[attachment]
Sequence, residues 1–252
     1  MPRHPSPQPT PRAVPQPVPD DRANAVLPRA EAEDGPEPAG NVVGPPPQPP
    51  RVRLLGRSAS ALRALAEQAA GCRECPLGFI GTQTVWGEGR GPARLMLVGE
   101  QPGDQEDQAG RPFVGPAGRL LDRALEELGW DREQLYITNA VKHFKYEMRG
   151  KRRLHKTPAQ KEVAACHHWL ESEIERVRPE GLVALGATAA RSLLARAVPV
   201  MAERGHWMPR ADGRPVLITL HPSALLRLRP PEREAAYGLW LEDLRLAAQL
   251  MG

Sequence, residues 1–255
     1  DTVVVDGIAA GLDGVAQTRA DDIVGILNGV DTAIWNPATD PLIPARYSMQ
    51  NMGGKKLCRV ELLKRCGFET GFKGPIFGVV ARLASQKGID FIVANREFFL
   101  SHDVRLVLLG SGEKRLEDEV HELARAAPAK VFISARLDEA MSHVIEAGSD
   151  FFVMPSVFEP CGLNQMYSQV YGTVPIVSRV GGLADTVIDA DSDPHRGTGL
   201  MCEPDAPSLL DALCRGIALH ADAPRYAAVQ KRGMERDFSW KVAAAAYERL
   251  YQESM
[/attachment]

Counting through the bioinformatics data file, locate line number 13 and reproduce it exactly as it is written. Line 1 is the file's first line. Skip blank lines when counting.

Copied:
   201  MCEPDAPSLL DALCRGIALH ADAPRYAAVQ KRGMERDFSW KVAAAAYERL